Megan Larson's Reviews > The Problem of Pain

The Problem of Pain by C.S. Lewis
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Jan 03, 10

bookshelves: modern-to-contemporary, theology, philosophy
Read in January, 2010

(Note--this book really hangs somewhere on the under-side of three stars for me. Also, this review is written from an orthodox Christian standpoint--I'm not qualified to offer any other.)
"If God is good, why does he cause or allow us to experience painful circumstances? Perhaps he is not good. Or, perhaps he just isn't powerful enough to protect his creatures from pain." These are the difficult questions, natural to many of us, that C.S. Lewis attempts to address in this book. It is one of his earliest works as a Christian, predating Mere Christianity by three years. Because of this, and because he takes a mostly-apologetic stance rather than simply addressing what the Bible has to say about pain, a significant number of his ideas reflect his secular academic background imposing itself upon the supernatural. But I will start with the positives first:
The chapter entitled "Divine Goodness" is truly excellent. It addresses the idea that God's goodness and the fact that He perfects his children through trials go hand-in-hand. It brings into perspective our cultural tendency to assume that God must be a "senile grandfather-type" who just wants everyone to have a good time. His arguments are intellectually and scripturally sound, and I believe this chapter can stand alone for many believers struggling with trials of various sorts.
Secondly, I appreciated the times when Lewis qualified his views as "simply opinion," "a layman's ignorant perspective," "subject to correction by real theologians," etc. This is a message he sent often in Mere Christianity as well, and it shows a measure of humility that (from what I learned in Surprised by Joy) did not come naturally to him.
On the other hand, in this early book, the places where Lewis so qualifies his opinions are rather few, and he presents some things as fact which most Christian theologians and a respectable number of scientists deny. Most prevalently, his belief in the Theory of Evolution permeates two chapters of this book--"The Fall of Man," and "Animal Pain." In the first, Lewis treats the Biblical account of Adam and Eve as a doctrine rather than a narrative, and posits that somewhere in the evolution of the species, mankind (in whatever number) were given souls and became "Paradisal Man." At some point, by some means, Paradisal Men fell. The tragic result of Lewis' false assumption is that he consequently has no understanding of the Scriptural concept of a federal head--"as 'in' Adam all died, so 'in' Christ we can be made alive together with Him." If Adam is just the mythical name for "Paradisal Man," that "in" really doesn't make any sense, and the word "in" is admittedly mysterious to Lewis.
The second chapter (on "Animal Pain") argues that the animal species cannot have experienced its first pangs at the fall of man, since the evolutionary record shows us that carnivorous behavior in animals predates humanity. He posits that perhaps Satan, who seems to have fallen before the creation of mankind, might have corrupted creation first, and mankind second. Again, this completely ignores the narrative of biblical creation, which bears no trademarks of a parable or myth as far as Scripture goes.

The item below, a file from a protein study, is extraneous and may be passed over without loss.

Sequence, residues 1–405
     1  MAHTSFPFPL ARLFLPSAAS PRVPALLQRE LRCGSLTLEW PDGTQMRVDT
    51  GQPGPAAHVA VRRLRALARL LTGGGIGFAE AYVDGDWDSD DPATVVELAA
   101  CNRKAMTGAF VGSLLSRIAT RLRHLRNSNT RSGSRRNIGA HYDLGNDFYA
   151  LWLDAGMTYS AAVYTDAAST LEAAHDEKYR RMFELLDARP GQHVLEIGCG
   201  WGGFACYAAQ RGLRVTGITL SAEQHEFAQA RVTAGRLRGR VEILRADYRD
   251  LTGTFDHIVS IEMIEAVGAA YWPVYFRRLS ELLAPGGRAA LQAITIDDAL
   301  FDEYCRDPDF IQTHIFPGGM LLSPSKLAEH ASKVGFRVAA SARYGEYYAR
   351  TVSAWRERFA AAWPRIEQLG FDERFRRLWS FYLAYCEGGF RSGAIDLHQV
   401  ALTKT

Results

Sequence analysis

I realize it was not Lewis' intention to be cavalier about Scripture, and indeed many of us in modern Christendom have at one time or another been deceived by compromising doctrines that claim to be intellectually superior to orthodox Christianity. However, Lewis' belief in Evolution was not the only area this type of deception occurred. He also posited that, because Christ lived in a human body, with a human brain of an average size, He may well have spoken historical or scientific error without impugning his Deity. In this context, Lewis mentions that we might take as truth Jesus' teachings about the Devil because they don't contradict any verified scientific findings, only our cultural beliefs. Truly, it is a great mystery that Jesus "grew in wisdom" as well as in stature, and we know He was not always or perhaps ever omniscient in the body before being glorified at His resurrection, but we also know that He possessed knowledge well outside the reaches of the human intellect (many places in Scripture tell us that he knew people's thoughts), and I cannot easily count the number of references to the Christ as "perfect." Add to that the fact that Scripture declares itself to be perfect (2 Timothy 3:16), and it becomes clear that the idea of Jesus' having spoken error at all, and that error then being recorded forever to misdirect us in the infallible Word of God, is quite contrary to the precepts of our Faith.
These compromises with the secular climate in which Lewis lived were disheartening, and at times as I read I actually felt sick to my stomach. The chapters that were neither excellent nor nauseating seemed at times beneficial and at times self-indulgent. I don't believe I would have felt so strongly if I didn't so respect the man God made Lewis as he continued his Christian life. I'm so thankful that his reliance on Scripture certainly grew as he matured in his walk, and his likeness to the world around him lessened. I reassert the value of the chapter entitled "Divine Goodness," but urge extreme caution and a discerning eye when reading the rest.

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message 1: by Adam (new)

Adam Larson I look forward to reading the chapter on Divine Goodness. Thank you for your diligence in writing these reviews! I pray the Lord continues to bless your efforts.


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